Life, Death, and ERVs

In a phenomenon known as Peto’s paradox, large mammals do not develop cancer more often than small mammals, despite having more cells that could go haywire. On Life Lines, Dr. Dolittle writes “Some researchers suggested that perhaps smaller animals developed more oxidative stress as a result of having higher metabolisms. Others proposed that perhaps larger animals have more genes that suppress tumors.” But a new hypothesis argues that large mammals have evolved to minimize the activity of ERVs, which are ancient viral elements integrated into our DNA. Active ERVs can cause cancer and possibly other diseases; mice exhibit about 3300 active ERVs, while humans exhibit about 350. On the blog known as ERV, Abbie Smith writes “some of the young ERVs in humans, the ones that can still code for a protein here and there, are reactivated in HIV+ patients.” Researchers are considering targeting these ERVs in order to combat HIV; as Abbie writes, “You could train the HIV+ individuals immune system to ‘see’ the ERV components in an HIV infected CD4+ T-cell, and BAM! Kill the HIV infected cell!” But she warns that other ERV components are expressed in many normal human cells, and teaching our immune system to target them might be a very bad idea.

Last Week on ResearchBlogging.org

Scientists use a ‘gene gun’ to insert a gene from a flowering plant called rockcress into the cells of wheat seeds. The genetically modified wheat became more resistant to a fungus called take-all, which in real life can cause “a 40-60% reduction in wheat yields.”

T-cells from six HIV+ patients were removed from their bodies, treated with a zinc-finger nuclease designed to snip a gene out of the cell’s DNA, and put back in the patients.  Removal of the gene mimics a naturally occurring mutation which confers resistance to the HIV virus.  But only 25% of the treated cells showed evidence of being successfully edited.

Researchers “use time-resolved X-ray microtomography to visualize the muscles and hinges in three-dimensions” of fly wings, modelling the complex physical processes that enable flies’ flight.

Even with the cost of building new energy storage infrastructure, wind energy will continue to offer a net gain of power.  Plus: wind produces enough surplus electricity to offer 72 hours of backup power (vs. 24 hours for solar panels).  Researchers say that the industry of onshore wind turbines can “double in size each year—and still maintain an energy surplus.”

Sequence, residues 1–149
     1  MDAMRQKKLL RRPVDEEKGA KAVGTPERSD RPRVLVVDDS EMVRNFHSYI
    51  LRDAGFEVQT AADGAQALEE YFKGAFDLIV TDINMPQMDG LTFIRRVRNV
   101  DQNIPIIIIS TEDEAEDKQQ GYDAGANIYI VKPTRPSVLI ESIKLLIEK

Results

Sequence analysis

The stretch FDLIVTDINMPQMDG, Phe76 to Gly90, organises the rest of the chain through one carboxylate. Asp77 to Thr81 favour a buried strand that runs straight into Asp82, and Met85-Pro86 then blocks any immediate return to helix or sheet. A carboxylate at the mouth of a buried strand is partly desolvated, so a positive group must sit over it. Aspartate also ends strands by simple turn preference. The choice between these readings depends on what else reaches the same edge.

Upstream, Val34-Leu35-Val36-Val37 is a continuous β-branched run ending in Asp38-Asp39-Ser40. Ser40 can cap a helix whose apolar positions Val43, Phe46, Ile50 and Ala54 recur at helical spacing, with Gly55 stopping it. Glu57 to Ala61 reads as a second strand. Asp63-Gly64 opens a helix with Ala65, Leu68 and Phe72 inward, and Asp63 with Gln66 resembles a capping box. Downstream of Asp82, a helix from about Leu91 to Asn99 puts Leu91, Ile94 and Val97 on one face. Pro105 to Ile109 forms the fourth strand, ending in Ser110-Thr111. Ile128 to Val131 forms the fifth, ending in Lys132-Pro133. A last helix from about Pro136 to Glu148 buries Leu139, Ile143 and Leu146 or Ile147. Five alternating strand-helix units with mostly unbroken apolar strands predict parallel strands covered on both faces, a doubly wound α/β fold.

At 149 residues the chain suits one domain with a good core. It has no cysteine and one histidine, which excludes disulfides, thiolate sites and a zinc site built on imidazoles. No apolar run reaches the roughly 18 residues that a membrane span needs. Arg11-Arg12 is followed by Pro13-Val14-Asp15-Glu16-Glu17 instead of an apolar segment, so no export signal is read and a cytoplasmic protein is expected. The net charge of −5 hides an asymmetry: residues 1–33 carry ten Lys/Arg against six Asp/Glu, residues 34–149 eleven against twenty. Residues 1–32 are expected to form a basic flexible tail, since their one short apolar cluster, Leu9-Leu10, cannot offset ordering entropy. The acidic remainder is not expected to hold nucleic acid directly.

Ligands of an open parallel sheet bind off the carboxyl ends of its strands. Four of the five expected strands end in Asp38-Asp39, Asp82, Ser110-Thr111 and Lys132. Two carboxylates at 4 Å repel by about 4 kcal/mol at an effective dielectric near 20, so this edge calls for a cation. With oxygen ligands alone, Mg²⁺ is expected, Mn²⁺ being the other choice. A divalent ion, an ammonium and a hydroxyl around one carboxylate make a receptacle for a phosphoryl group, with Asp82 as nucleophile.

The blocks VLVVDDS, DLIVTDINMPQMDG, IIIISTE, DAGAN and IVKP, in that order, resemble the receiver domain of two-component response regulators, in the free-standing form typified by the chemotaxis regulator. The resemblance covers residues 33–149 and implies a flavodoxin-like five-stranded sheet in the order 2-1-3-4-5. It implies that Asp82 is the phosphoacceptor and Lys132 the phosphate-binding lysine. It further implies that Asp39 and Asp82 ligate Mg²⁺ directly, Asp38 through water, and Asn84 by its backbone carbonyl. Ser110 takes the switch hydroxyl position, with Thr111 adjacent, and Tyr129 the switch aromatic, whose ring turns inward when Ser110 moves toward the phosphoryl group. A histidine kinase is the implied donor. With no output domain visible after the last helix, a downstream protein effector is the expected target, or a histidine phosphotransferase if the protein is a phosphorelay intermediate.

Researchers cremated the remains of young piglets to investigate why there’s little evidence of high infant mortality in the archaeological record. To no avail.

Men in ‘traditional’ marriages (whose wives are not employed) are more likely to look negatively upon women in the workplace.

Regardless of the structural integrity of a shoulder (rotator cuff) repair, patients have improved function and reduced pain after surgery.

Stem cells are influenced by the rigidity of the substrate they grew up on: “spending 10 days on a particular bed leads to irreversible future differentiation of the stem cells into stiff-environment-loving bone or soft-loving fat cells.”  That could lead to considerable demand for a new scaffolding material “based on a biocompatible silk-alginate hydrogel” which can be made to varying standards of firmness.

By appearing to tap test subjects on the hand with a small hammer while playing the recorded sounds of a hammer tapping stone, researchers made people feel their hands were more stone-like (or numb).

A gene coincidentally named FAT10 ( for F Adjacent Transcript) actually “regulates lipid metabolism and longevity,” and model mice who lacked the gene were leaner, had a faster metabolism, and lived up to 20% longer.

Encapsulating immature pancreatic cells grown from human stem cells and implanting them under the skin of mice showed the cells could produce insulin whenever needed and reduce diabetic symptoms.

The CDC revised it autism prevalence rate upward again; in 2010 about 1 in 68 eight-year-olds had an autism spectrum disorder.

At age six, children award beneficial resources to members of their ‘in-group;’ at age eight they also assign harmful or negative resources to members of an ‘out-group.’

People with OCD were less likely than controls to believe they could influence a light bulb by pressing a space bar whenever they want. The light bulb blinked randomly on and off.

A virus affecting crickets not only sterilizes them, but makes them more eager to initiate courtship. Males perhaps uninhibited by the virus would start playing a courtship song for a female much sooner than their healthy peers.  Intimacy may be the virus’s way of spreading.

Within the ultrapure water purification system of a nuclear reactor, scientists found oligotrophic bacteria, including new species, growing in biofilms “visible to the naked eye” on ceramic filter surfaces.